Here at Blue Wave Voiceover, we are committed to presenting voices that look and sound like America. We’re proud to feature talented voice actors on our roster that span the generations and come from diverse backgrounds. When we talk about Diversity, Equity and Inclusion (DEI) as a country, one thing that is frequently left out of that conversation is Accessibility for disabled people. Many disabled advocates have called for the phrase to be rewritten as “Diversity, Equity, Inclusion and Accessibility” (DEIA) in order to truly be inclusive.
To that end, we’re proud to be a partner and champion of a new resource for both voice actors and voice seekers in our little production universe here.
Introducing The Disabled Voice Actors Database
On December 3, 2022, in honor of the International Day of Persons With Disabilities, voice actor and Blue Wave Voiceover collective member Maria Pendolino supported the launch of The Disabled Voice Actors Database. This database serves as a central dashboard that empowers casting directors and other voice-seeking industry professionals to source high-quality, talented voice actors who also happen to be disabled.
This database is important for a number of reasons. Studies have shown that people living with a disability still make less money and have higher unemployment rates. Even with its digital embellishment, the society we live and work in leaves little room for any interpretation that isn’t physically or mentally “able-bodied”.
Unfortunately, this is a theme that continues throughout the world of entertainment, including voice over acting. Although the industry may often cite inclusivity and progressinve-ness as values, so often disabled voice actors are looked over for parts — even when these parts involve the portrayal of a disabled character!
A New Beginning for An Important Disability & Accessibility Resource
Maria and The Disabled Voice Actors Database founder Nick Germain made it their mission to make sure that there would never be another easy excuse to pass over disabled voice talent. Inspired by similar databases serving the LGBTQIA+ community (QueerVox) and People of Global Majority (aka BIPOC/POC) (PGM VO List), they created Version 2.0 of The Disabled Voice Actors Database.
Like so many good ideas, the database started as a Google Sheet, but it wasn’t long before it outgrew those rows and columns. The Disabled Voice Actors Database 2.0 exists as a sophisticated AirTable that is free to join and only visible to vetted voice seekers. Other voice actors that were instrumental in making the Database come to life were Satauna Howery, Tony Jackson, Tyler Berman and Lindsay Sheppard — a hard working team of volunteer steering committee members.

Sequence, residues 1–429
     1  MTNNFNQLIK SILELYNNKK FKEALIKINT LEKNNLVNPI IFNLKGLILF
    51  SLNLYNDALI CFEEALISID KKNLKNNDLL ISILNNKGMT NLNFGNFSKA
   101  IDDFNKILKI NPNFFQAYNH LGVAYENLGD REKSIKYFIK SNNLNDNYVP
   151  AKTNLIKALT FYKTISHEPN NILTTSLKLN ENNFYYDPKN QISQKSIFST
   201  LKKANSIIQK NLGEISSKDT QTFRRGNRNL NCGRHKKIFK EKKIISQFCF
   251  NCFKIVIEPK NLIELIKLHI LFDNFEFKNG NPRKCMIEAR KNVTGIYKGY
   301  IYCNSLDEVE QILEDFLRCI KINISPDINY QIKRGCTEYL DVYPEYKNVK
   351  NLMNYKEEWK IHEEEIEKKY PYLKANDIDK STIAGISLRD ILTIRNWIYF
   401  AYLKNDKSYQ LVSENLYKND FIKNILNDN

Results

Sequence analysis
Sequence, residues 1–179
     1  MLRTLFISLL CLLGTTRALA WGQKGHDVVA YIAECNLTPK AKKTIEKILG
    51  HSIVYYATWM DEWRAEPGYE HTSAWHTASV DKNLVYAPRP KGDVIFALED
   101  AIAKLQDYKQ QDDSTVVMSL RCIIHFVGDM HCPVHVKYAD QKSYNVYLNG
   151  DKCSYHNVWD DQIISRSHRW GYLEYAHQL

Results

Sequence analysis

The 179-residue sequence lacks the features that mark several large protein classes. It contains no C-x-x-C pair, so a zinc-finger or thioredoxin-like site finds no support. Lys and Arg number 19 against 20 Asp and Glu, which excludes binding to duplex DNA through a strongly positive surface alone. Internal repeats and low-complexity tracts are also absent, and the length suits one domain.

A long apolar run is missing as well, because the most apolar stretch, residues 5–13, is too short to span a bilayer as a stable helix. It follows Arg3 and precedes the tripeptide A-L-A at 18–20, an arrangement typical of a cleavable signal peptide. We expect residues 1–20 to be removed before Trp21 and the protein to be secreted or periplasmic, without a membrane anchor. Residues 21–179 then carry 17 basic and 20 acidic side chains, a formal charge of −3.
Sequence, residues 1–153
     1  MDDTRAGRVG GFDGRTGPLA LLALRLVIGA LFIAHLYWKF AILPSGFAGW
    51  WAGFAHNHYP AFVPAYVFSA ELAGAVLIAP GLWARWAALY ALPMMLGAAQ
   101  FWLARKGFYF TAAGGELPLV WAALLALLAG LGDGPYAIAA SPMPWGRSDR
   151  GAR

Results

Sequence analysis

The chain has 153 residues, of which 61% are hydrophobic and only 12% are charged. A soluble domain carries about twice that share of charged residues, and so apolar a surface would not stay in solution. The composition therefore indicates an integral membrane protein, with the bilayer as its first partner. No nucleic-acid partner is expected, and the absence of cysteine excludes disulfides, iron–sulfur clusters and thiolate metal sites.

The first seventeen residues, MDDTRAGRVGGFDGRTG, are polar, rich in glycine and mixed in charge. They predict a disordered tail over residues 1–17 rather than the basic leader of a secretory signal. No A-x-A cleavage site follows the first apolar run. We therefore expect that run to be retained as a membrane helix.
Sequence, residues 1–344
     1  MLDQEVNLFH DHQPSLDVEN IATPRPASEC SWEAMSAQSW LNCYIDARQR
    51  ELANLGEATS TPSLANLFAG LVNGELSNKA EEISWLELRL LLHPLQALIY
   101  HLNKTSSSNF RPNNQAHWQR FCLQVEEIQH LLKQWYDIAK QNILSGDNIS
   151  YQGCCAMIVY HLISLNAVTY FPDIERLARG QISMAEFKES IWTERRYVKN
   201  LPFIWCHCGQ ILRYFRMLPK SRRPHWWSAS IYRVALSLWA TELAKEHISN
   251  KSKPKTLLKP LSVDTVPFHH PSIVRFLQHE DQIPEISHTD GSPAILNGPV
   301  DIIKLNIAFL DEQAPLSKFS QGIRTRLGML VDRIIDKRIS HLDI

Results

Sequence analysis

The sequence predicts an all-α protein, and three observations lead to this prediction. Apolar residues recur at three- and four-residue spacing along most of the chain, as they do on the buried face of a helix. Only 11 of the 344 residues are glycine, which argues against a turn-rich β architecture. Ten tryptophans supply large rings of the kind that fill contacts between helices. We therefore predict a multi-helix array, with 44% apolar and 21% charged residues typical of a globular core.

Steering committee member Tyler Berman said “To accurately cast and give voiceover talent a chance to go out for both disabled (and more importantly) typical characters is why I feel this will help break the stigma of voiceover actors with disabilities only being able to voice disabled characters. You see on-screen actors with disabilities perform both types of characters all the time so why not voice over actors? You only hear their voice and the voice actor could be very capable for the role.”
How To Search For Talent With The Database
In order to protect the privacy and well-being of the voice actors in the database, The Disabled Voice Actors Database is only visible to vetted individuals. In order to pass the vetting process, an applicant must be in a position to seek out and hire voice talent, and must also be willing to provide a fair wage and humane and reasonable work process, which may need to include accommodations.
It’s easy to request to be vetted — simply visit www.disabledvoiceactors.com and follow the button labeled “Voice Seeker Access Request”. Once we’ve done our due diligence we’ll send you your login credentials along with a short tutorial on how to best use the database.
How To Join The Database As A Disabled Voice Actor
In order to make sure our database helps as many voice actors as possible, we’ve made it free to add your name. The only stipulation is that if you’re under 18, you’ll need to ask your parent or legal guardian to add you to the database.
If you have any questions or comments about this new endeavor, The Disabled Voice Actors Database volunteer steering committee would love to hear from you at email@example.com.